When Anne Thomas Manes declared SOA dead last January, the enterprise software world stood up and took notice. Manes, a vice president and research director with Burton Group (now with Gartner), declared that SOA and middleware products had worn out their welcome in corporate America, and that SOA as a marketing term was no longer useful. Now, one year later, Manes is still bearish on SOA technology, but very bullish on applying SOA best practices to the cloud.

Jason Bloomberg, managing partner at consulting firm ZapThink, said that SOA has changed from being a market category for software and middleware companies to a set of best practices, and that this shift became prominent in the market towards the end of 2008. He said that SOA was always about best practices, but that the companies hoping to make money on the term had obscured this fact with lots of advertising dollars.

Today, said Bloomberg, these companies have seen their markets dry up, and only a few such companies remain; most SOA companies were acquired by the likes of IBM and Oracle over the past four years. But even IBM has changed its marketing to emphasize SOA consulting, not SOA products, he said.

“What’s really shifted, and this is what Anne was getting at, is a shift away from vendor-driven fake architecture projects where you say you want to do SOA, you buy from Oracle or IBM, they install it and you wonder where the SOA went,” said Bloomberg.

“Budgets were tight last year, and that helped organizations resist spending money on software to solve the problem. There is now a focus on true architecture to leverage existing infrastructure.”

ZapThink used to offer SOA-specific advice, and it even ranked SOA tools in the company newsletter. Bloomberg said that such work is no longer a part of the ZapThink business model, which is now focused on training and consulting rather than purchasing advice.

From SOA to the cloud
Now that SOA has lost its appeal as a buzzword, many companies are pushing their middleware products into the cloud. “Vendors had to do something to convince people to buy,” said Manes. “They basically took everything they had for SOA and repackaged it to say, ‘This is cloud stuff.’ But you can’t do cloud computing very effectively at all if you’re not also using service-oriented principles.

“The business guys aren’t interested in investing in this abstract architecture concept. But at the same time, you have to do it or your systems are going to remain in this quagmire they’ve been in.”

Adam Vincent, CTO of Layer 7 Technologies, said that the software underpinnings of SOA still exist, but they are no longer being sold as SOA panaceas.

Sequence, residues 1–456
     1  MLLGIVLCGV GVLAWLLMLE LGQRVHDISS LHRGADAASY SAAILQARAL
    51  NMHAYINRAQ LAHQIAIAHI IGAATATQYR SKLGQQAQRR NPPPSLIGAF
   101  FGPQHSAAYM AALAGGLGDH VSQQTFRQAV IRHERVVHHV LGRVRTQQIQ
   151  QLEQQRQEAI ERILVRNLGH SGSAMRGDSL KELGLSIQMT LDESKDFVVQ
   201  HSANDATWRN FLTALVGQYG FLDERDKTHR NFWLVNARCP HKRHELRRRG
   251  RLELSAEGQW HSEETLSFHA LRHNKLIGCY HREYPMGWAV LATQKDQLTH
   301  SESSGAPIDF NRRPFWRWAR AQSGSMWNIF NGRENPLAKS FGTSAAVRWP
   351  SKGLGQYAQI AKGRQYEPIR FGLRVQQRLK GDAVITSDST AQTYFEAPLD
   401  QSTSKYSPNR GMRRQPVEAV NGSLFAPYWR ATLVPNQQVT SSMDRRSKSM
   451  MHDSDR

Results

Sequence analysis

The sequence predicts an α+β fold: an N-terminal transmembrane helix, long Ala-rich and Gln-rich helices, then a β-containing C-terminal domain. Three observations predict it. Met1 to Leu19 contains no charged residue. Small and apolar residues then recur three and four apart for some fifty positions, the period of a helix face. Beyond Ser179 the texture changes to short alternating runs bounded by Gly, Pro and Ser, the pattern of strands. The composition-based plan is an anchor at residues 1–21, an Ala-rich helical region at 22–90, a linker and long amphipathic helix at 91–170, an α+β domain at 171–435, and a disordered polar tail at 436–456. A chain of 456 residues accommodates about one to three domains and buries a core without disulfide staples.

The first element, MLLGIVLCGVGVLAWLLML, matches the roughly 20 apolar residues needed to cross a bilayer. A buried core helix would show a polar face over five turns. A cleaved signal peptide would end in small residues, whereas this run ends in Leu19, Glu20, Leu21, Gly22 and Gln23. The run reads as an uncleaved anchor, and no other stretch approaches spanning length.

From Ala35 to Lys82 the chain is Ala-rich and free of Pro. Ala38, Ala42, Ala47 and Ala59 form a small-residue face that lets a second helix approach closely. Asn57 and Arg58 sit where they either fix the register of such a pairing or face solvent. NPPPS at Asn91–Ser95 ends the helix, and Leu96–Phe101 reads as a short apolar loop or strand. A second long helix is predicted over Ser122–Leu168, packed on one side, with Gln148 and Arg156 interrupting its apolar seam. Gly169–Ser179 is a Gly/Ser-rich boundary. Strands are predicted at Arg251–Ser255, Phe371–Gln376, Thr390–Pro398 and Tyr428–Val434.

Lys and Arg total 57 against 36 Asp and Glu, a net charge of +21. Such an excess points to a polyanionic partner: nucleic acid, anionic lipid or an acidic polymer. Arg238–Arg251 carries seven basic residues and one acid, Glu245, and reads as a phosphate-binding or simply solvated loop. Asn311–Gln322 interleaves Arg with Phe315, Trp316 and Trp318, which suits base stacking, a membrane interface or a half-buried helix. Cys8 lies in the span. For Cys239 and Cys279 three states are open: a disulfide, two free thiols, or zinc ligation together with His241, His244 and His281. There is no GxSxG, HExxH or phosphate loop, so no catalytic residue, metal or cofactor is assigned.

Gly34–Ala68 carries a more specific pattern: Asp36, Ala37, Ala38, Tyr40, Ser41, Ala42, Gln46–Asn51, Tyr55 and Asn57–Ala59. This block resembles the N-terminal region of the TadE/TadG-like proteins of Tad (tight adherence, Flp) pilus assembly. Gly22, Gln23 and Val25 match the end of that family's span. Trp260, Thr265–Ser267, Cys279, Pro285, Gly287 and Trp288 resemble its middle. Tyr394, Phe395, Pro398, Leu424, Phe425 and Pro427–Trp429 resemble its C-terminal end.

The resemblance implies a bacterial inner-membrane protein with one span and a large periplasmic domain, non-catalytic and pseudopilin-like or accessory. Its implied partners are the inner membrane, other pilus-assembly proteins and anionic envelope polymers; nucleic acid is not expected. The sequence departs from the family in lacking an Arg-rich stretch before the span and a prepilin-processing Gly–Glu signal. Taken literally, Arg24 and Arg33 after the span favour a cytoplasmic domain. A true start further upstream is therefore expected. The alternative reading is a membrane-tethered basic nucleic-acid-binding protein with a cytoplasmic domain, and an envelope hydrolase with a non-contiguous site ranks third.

“The tenets of SOA still exist. One of those is the idea of creating composite services out of existing applications,” said Vincent.

Layer 7 recently entered the enterprise service bus market, but the company was careful not to attach the “SOA” label
 to its new appliance. Rather, it’s marketing it as an integration appliance.

Greg Schott, CEO of MuleSoft, is also in the ESB business. “The SOA market got all the hype around these big-bang approaches where the company says, ‘We are now going to deploy a SOA.’ Now, people are realizing that’s not the way to do it. The way you get service reuse is to start with grassroots,” he said.

Focusing on best practices
Bloomberg agrees that SOA best practices are just as relevant in the cloud. He said that SOA can help to make cloud-based applications more flexible. Many companies are now realizing they have to enforce policies and governance on the many APIs they use across the Internet, and this is a problem that SOA best practices have already addressed. Those best practices vary from firm to firm, but they tend to have major aspects in common. And these commonalities are also applicable to the cloud.

These best practices, of which IBM, Oracle and Sun all have their own versions of, include items such as “Architect someplace in the network where policies and governance can be enforced on incoming and outgoing traffic,” and “Develop loosely coupled services, not tightly integrated one-off services designed only for use in a single application.”

“You can’t do true cloud computing without architecture. Leveraging best practices to build loosely coupled abstractions: That’s a SOA best practice,” said Bloomberg. “You won’t be able to succeed in the cloud without SOA best practices.

“SOA takes the whole notion of an API one step further. What SOA brings to the table is a loosely coupled vision for interfaces. You can still call it an API, but it’s still more of a loosely coupled service and extraction interface. This requires a higher level of governance. If the service provider makes an update, it shouldn’t break any of the consumers. That becomes a governance challenge.”

A year later, Manes remains confident that SOA as a tool-driven concept is still dead, but she also said that SOA best practices don’t need to be updated for the cloud. After seven years of consulting and researching SOA, she said that for clients today, she gives mostly the same advice she has been giving on how to do SOA, because, she said, “that’s also how you do cloud.”